I spent more time in hot weather on my trip to Korea than I had in my entire life up until this point. And all it took was some simple advice: drink water.
What I Learned: How to Beat the Heat When Traveling
I’ve gotten smarter about the tricks I use to beat the heat when I travel. I’ve even survived a night in the Sahara. 🙂 Here are the tips I follow:
Drink water. Lots and lots and lots of water. If you follow no other advice, at least follow this piece. You can avoid most heat-related issues by keeping yourself regularly hydrated. I spent a ton of money and created a lot of plastic waste drinking bottled water in Korea. For every other trip, I’ve brought my own bottle and filled it up with tap water. Just be careful– some people are sensitive to the tap water in other countries. (I learned this the hard way in Morocco.)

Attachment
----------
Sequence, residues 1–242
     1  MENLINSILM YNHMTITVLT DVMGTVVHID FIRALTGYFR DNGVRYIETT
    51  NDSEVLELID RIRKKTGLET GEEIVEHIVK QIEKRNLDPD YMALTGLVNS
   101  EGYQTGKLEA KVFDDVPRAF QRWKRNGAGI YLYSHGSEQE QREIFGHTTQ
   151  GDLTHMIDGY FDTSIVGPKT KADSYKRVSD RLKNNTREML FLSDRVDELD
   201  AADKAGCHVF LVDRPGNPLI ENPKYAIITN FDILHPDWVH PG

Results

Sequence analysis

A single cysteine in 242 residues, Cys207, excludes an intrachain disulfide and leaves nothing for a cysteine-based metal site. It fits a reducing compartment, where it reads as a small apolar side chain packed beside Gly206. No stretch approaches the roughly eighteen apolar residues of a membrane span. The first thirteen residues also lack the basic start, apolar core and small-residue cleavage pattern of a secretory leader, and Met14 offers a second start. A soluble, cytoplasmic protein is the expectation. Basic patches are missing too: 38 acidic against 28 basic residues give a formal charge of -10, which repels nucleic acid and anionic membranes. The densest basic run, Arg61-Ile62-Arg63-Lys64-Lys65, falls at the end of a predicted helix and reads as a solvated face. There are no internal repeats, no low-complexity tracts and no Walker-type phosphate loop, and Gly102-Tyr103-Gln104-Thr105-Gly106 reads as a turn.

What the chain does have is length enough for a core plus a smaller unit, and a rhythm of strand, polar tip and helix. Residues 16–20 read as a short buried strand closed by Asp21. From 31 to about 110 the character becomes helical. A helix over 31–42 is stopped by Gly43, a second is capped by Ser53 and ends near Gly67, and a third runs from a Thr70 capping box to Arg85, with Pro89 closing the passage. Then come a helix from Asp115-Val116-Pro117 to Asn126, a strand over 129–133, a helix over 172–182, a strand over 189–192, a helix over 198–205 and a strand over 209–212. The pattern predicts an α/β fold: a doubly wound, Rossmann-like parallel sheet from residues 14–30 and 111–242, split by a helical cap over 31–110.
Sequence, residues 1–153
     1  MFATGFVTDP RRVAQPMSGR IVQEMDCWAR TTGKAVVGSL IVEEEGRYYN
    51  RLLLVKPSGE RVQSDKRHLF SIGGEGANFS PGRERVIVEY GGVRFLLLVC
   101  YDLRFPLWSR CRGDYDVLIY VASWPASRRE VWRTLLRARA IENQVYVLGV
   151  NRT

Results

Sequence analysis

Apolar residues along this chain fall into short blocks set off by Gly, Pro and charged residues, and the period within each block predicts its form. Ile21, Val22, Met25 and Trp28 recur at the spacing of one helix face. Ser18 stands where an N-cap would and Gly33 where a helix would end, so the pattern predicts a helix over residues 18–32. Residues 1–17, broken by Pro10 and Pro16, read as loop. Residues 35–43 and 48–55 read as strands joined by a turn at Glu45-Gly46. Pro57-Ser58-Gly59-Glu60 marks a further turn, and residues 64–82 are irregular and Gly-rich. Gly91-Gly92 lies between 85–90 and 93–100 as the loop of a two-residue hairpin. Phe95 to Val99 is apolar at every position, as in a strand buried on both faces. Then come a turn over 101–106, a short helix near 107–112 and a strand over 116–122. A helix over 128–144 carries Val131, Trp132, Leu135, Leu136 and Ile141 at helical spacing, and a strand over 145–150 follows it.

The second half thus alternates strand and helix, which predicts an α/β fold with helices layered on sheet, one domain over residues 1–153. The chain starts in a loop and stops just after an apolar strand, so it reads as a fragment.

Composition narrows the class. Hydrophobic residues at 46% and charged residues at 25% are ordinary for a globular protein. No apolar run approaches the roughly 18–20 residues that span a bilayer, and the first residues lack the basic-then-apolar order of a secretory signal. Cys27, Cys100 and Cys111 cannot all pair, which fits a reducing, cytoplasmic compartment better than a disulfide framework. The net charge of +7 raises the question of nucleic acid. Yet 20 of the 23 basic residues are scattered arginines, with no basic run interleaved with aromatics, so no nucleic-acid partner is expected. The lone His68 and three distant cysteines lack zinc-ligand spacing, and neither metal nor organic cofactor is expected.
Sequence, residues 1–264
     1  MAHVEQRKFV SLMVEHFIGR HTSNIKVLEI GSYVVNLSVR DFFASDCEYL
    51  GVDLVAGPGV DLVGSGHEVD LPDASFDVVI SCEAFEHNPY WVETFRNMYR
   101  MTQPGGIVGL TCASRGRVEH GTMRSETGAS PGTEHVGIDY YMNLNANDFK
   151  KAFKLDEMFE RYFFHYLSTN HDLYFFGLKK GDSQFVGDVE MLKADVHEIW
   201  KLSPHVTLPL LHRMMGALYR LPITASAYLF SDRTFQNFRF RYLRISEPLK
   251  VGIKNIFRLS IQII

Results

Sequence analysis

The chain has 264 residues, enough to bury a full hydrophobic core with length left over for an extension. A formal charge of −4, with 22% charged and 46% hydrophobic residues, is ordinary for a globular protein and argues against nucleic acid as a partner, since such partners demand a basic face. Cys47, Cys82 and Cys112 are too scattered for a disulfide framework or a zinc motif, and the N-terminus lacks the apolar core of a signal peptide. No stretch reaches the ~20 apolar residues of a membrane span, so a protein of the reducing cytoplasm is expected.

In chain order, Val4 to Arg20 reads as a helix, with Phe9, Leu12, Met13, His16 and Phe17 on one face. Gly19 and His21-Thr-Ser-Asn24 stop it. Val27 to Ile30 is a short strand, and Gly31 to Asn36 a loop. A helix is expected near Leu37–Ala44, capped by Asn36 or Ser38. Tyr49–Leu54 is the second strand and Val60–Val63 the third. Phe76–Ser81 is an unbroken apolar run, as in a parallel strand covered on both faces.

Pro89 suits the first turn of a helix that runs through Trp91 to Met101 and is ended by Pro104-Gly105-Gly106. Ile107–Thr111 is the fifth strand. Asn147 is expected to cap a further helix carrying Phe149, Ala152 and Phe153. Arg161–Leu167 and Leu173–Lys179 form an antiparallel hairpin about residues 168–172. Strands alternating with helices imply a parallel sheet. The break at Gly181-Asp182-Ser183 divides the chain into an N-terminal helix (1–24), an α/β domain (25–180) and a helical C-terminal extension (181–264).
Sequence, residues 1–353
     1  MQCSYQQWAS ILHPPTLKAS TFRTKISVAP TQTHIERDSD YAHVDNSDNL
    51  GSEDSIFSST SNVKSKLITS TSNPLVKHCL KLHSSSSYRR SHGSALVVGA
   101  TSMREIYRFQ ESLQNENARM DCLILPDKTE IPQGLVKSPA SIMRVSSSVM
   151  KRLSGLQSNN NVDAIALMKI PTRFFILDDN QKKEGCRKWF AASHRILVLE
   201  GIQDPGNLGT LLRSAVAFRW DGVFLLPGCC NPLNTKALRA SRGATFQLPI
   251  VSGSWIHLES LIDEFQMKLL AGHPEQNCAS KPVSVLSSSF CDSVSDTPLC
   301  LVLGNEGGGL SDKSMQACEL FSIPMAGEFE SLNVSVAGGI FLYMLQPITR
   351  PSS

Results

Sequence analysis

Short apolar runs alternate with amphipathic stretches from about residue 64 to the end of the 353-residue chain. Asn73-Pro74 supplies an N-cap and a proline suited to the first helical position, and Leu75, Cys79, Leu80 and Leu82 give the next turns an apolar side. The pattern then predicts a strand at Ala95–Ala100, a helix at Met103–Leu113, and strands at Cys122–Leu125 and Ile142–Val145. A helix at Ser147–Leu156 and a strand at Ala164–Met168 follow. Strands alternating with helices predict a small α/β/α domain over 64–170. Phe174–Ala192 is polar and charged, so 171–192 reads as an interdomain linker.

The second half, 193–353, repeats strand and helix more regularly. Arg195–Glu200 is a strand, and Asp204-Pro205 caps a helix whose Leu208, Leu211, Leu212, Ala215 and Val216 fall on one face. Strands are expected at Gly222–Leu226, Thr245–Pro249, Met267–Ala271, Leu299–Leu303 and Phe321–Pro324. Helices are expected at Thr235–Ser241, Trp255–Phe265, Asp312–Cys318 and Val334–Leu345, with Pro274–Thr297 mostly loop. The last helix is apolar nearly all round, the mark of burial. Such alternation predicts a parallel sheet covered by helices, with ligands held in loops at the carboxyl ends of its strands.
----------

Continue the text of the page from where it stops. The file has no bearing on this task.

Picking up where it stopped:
To make it easier to carry your water bottle, I suggest getting a water bottle holder to sling over your shoulder. This one’s my favorite. It fits any Nalgene or other 32-ounce water bottle of similar shape, and the extra pocket is nice. That’s actually where my fiance hid my engagement ring when he took me to the Chicago Botanic Garden to propose. 🙂
Wear a hat. A hat will keep the sun from beating directly on your head and making you hotter. Just make sure it’s made of a breathable fabric or has lots of tiny holes. It may not be the most stylish hat in the world, but I like this one for its wide brim and the flap in the back that keeps your neck covered.